Hypnotherapy in Pregnancy

The aim of hypnosis for childbirth, or hypnobirthing as it is commonly known, is to help you give birth in a relaxing, calm environment free from stress, anxiety or fear.
Being anxious, tense and stressed during labour (all very common feelings at this time) can prevent the birthing muscles of your body from working as they should. The hope is that by attending hypnobirthing classes you can learn techniques to foster a sense of calm and tranquillity.

What is hypnobirthing?

Hypnobirthing is the term used to describe using hypnosis in childbirth. The idea is that as an expectant mum, you attend hypnobirthing classes to learn self-hypnosis, relaxation and breathing techniques. You can then take what you’ve learnt into the delivery room.

The ultimate goal of hypnobirthing is to provide you with a better birthing experience. Of course, all births are different and hypnobirthing is not a guarantee that all will run smoothly. Rather, it looks to give you back control and a better chance of feeling relaxed, calm and happier throughout.

It is an increasingly popular choice for mothers looking for a natural approach, i.e. those who would rather steer clear of medication/drugs during the process. It is also popular for those who feel anxious about giving birth. This may be the case if it is your first child, or if you had a stressful past experience during childbirth.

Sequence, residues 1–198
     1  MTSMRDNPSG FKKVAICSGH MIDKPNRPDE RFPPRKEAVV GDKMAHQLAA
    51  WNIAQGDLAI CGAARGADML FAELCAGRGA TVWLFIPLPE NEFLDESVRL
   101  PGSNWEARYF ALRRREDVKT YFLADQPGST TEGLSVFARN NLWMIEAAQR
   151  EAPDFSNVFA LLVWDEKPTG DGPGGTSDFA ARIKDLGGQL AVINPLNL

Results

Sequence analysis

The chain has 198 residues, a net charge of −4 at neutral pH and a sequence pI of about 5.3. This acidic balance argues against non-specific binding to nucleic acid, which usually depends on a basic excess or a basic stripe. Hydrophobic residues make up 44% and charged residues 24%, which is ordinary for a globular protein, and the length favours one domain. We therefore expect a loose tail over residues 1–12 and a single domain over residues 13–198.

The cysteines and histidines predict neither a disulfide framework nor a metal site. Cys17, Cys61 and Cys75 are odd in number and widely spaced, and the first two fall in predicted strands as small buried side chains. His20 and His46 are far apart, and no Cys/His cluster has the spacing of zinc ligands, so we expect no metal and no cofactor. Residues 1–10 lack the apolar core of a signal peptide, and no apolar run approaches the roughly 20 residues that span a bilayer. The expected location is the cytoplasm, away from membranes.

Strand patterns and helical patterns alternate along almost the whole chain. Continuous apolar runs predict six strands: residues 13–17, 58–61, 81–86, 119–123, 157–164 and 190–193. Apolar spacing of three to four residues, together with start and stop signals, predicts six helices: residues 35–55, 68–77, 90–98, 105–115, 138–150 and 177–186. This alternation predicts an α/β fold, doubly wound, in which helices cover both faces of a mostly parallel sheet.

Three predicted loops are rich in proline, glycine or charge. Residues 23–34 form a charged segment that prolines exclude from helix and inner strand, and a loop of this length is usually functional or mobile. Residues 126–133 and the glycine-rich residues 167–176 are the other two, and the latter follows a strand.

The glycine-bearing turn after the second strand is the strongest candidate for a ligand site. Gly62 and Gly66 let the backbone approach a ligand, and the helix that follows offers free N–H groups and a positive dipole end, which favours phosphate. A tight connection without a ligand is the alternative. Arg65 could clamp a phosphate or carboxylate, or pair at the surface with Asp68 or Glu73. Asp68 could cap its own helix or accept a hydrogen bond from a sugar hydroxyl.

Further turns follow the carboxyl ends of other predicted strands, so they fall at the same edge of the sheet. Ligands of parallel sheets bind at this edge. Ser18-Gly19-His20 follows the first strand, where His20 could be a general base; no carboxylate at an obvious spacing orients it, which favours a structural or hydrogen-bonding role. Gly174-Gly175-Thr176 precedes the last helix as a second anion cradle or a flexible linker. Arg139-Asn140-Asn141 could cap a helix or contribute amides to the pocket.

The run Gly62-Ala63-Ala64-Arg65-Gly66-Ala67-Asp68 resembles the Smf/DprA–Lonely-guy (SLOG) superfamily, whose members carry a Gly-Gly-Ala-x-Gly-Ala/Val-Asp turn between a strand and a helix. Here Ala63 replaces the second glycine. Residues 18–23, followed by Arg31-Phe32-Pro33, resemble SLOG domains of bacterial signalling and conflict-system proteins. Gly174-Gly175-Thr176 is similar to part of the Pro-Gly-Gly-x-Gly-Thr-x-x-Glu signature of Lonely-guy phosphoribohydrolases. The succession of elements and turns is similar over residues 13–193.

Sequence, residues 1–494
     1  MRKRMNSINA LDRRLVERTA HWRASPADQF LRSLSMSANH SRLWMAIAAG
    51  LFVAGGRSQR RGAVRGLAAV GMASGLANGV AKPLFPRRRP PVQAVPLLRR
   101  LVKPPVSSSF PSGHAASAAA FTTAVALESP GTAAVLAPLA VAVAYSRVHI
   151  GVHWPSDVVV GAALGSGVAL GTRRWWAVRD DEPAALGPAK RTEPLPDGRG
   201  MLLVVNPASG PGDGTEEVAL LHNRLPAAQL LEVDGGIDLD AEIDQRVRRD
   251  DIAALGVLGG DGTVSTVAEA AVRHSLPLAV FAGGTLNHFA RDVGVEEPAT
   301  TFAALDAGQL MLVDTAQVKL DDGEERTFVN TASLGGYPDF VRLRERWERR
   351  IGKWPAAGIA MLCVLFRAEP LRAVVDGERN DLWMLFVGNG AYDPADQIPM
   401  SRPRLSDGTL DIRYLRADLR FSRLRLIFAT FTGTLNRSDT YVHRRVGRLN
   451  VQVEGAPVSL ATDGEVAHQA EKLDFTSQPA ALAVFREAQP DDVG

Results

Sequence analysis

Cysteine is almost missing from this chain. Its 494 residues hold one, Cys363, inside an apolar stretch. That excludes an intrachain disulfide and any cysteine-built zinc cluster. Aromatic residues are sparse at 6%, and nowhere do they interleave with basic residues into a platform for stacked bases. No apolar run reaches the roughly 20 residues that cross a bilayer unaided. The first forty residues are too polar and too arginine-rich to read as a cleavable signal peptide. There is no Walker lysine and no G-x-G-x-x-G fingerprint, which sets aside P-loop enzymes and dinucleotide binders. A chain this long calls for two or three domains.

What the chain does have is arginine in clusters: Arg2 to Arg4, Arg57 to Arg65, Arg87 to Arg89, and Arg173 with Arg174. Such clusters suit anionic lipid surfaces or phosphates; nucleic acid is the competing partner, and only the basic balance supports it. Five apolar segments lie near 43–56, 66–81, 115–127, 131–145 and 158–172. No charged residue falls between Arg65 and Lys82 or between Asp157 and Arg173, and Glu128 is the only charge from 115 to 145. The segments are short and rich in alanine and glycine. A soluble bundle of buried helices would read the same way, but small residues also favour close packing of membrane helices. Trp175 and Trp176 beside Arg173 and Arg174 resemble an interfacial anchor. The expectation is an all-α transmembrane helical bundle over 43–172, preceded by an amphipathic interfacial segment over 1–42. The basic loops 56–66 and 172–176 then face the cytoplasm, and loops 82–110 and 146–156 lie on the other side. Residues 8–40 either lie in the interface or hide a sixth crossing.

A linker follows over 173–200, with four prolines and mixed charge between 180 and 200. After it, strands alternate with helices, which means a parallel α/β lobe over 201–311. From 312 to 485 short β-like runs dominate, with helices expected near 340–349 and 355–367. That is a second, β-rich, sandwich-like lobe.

During labour, if you feel anxious, highly stressed or even scared – stress hormones (like adrenaline) will be released into your body. Adrenaline is the hormone that puts us into ‘fight or flight’ mode. This means your blood will be pushed towards the bigger muscle groups in your limbs, in case you need to run away from the impending ‘threat’.

In this case, the perceived ‘threat’ is giving birth, something that no matter how fast you run, you cannot get away from! With the blood flowing more readily to these muscle groups, your womb is not getting as much blood/oxygen, which can make the muscles less efficient.

Stress hormones can also make the body less likely to produce oxytocin, the ‘love hormone’ which eases the pain of labour. While stress is naturally going to happen when you’re in labour, keeping it at a low level can help your body better cope with the process and help reduce your perception of pain.

I like to run sessions in groups, and talk about what fears you have, turning these fears away, thinking more positively about the massive journey you are about to embark into parenthood.

Contact me to find out if there is a group running near you.

Amanda Clarke